While CS:GO isn’t a graphically demanding title, it does scale heavily with CPU single core performance. The Ryzen 9 3900X’s single core performance is more of a bottleneck in this case. The GTX 1080 Ti still bested this test, while the RX 6600 provides the same RTX 2060 level of performance with 55% of the power draw, very impressive.
Forza Horizon 5
In Forza Horizon 5, we can clearly see the advantage of what AMD’s cooperation with Microsoft brings to the table. By using AMD-based solutions in XBOX consoles, Forza Horizon is tailored to run on similar AMD hardware. The newer RX 6600 beats the old GTX 1080 Ti in this test, and it is only using 100W to do so. The RTX 2060 is a non-factor. Neither did it provide the best performance, nor it provide the best efficiency. Turing architecture is truly one of the worst NVIDIA releases, since AMD had nothing to compete with at that era.
Cyberpunk 2077 v1.6
Again, for newer titles, RX 6600 continues to show performances leads over the older GTX 1080 Ti and RTX 2060. However, both the GTX 1080 Ti and RTX 2060 have higher memory bandwidth than the RX 6600, so the 1% low and 0.1% low are both higher. Nonetheless, I am very impressed what that the RX 6600 is able to do at just merely 100 watts of power budget.
The custom settings used for this test can be found here.
Streaming Encode, HEVC 50 Mbps
Not much to talk about here. All of the three GPUs are equipped with hardware video encoders, and are able to encode a 1080p, 60fps, HEVC stream at 50 Mbps without any problem.
So, based on the test results above, I think we have a pretty clear winner, but it might not be the one you are thinking of.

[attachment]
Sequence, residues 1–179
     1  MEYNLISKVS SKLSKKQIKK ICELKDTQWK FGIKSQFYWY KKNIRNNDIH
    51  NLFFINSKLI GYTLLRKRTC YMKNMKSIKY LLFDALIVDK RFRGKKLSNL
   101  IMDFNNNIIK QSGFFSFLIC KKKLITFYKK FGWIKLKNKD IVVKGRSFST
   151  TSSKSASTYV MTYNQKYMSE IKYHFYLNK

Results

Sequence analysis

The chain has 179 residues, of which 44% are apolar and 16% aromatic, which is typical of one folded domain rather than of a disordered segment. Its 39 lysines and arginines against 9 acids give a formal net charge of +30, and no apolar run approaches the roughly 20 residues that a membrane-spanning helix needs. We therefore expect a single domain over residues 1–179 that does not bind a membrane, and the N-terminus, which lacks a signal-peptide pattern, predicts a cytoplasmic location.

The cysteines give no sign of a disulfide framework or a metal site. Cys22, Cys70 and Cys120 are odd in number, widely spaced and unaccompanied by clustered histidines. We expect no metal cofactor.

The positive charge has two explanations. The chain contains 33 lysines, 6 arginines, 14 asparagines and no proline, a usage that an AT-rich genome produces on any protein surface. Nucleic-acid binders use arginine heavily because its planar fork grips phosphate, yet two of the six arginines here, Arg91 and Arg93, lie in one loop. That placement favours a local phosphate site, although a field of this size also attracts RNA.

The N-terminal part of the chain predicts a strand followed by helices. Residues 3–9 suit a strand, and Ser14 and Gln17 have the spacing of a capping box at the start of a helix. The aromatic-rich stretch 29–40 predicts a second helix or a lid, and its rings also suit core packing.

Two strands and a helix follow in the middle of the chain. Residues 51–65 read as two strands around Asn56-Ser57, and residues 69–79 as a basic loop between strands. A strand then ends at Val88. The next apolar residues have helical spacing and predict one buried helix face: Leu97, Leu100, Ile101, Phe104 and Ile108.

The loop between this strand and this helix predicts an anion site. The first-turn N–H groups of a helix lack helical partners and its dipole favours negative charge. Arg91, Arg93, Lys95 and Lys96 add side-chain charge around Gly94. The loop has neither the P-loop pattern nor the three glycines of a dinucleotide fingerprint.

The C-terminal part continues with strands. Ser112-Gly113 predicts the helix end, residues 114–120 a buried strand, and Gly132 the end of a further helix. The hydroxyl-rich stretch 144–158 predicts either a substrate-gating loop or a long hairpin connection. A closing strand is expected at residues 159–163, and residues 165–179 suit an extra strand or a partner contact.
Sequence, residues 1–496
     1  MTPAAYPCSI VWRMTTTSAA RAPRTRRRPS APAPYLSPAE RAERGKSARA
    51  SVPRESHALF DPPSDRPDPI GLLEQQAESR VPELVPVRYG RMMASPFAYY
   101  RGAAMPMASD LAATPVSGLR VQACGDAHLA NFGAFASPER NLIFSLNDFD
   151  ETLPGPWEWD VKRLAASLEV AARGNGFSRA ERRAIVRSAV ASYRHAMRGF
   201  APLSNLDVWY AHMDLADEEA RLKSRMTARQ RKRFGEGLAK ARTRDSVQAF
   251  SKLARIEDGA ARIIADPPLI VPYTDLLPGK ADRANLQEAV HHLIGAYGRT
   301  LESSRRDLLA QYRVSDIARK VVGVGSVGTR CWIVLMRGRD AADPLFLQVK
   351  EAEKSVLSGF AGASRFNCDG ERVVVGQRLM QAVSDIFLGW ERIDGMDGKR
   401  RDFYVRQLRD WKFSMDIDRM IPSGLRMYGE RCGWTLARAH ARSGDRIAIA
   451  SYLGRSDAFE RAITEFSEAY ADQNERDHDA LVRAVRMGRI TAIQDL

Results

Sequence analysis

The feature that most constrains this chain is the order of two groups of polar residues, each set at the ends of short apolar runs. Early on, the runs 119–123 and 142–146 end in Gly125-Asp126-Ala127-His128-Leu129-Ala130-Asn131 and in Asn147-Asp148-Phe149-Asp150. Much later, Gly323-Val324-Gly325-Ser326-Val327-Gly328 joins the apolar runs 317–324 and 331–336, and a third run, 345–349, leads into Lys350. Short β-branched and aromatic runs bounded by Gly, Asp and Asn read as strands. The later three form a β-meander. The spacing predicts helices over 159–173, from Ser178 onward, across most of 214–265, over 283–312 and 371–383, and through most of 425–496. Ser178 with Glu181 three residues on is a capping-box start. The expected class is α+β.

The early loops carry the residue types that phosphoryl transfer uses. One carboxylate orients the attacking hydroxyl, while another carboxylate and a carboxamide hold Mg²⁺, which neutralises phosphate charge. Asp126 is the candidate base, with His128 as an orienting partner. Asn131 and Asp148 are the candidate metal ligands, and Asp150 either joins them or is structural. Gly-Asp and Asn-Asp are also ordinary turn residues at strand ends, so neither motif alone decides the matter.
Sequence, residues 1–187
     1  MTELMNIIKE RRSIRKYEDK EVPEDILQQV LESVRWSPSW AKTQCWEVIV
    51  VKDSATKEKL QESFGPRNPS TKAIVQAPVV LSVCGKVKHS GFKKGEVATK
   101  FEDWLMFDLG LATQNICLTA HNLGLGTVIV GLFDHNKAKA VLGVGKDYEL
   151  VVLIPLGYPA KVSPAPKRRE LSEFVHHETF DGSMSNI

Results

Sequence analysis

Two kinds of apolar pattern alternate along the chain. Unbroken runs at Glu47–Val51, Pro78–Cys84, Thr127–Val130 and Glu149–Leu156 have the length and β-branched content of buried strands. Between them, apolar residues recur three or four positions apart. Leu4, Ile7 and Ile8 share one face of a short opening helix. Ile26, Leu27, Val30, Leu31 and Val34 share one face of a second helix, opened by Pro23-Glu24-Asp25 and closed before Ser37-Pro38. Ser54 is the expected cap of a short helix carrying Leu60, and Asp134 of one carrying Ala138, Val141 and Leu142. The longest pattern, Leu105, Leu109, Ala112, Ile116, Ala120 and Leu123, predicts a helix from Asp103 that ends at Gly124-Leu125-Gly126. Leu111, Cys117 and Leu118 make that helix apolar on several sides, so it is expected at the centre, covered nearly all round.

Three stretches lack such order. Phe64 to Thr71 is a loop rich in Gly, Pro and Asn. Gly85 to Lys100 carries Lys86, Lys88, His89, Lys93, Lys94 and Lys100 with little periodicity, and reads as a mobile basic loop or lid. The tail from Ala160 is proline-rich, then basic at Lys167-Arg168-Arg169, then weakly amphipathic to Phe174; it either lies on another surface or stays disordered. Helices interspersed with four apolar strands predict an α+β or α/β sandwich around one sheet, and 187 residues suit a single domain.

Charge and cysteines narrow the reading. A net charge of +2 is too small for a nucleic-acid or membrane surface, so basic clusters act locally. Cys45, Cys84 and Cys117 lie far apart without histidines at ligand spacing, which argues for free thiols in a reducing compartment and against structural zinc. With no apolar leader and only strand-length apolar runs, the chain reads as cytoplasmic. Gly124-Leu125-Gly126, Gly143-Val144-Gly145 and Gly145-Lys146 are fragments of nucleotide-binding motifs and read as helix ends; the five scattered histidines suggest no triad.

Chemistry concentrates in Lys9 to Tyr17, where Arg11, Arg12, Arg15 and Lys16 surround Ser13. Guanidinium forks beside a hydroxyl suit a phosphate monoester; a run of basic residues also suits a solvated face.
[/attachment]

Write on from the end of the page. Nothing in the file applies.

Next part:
My ultimate choice, is the GTX 1080 Ti. Why, you might ask, since it consumes way more power, and sometimes delivering less performance, than the cheaper and newer RX 6600.
Yes, the AMD RX 6600 is very impressive, and I would really like to choose it for my build since it is both performant and power-efficient. However, at the end of the day, if the driver software accompanied with the hardware isn’t stable, the hardware becomes useless.
Not exaggerating things, I did not have a good experience reviewing the AMD Radeon RX 6600. This particular RX 6600 I got is from AsRock, and it seemed to be having some weird issues. First sign of instability was that it cannot even finish Heaven benchmark for more than twice, the Radeon driver software would crash at the third time. Then, when I tried to benchmark Cyberpunk 2077, it will crash the system at some specific locations. Finally, when I decided to scale things back a bit and run some older games like Crysis, it would still crash when the graphics load was seemingly low.
I’ve contacted Newegg for a replacement. When the replacement arrives, I will redo some of the tests to see if the card was really faulty. If not, I will happily use the AMD RX 6600 in my Cloud Gaming build. However, if the problem is related to the driver, then I have no choice but to return the GPU and get my money back.
So, what about the NVIDIA RTX 2060? In my opinion, not worth it at all. I was trying to repurpose this card for GPU virtualization, however, the GPU isn’t stable with vgpu_unlock, I can’t get the vGPU instances to work reliably in Windows VMs, so this card will be going back to Newegg.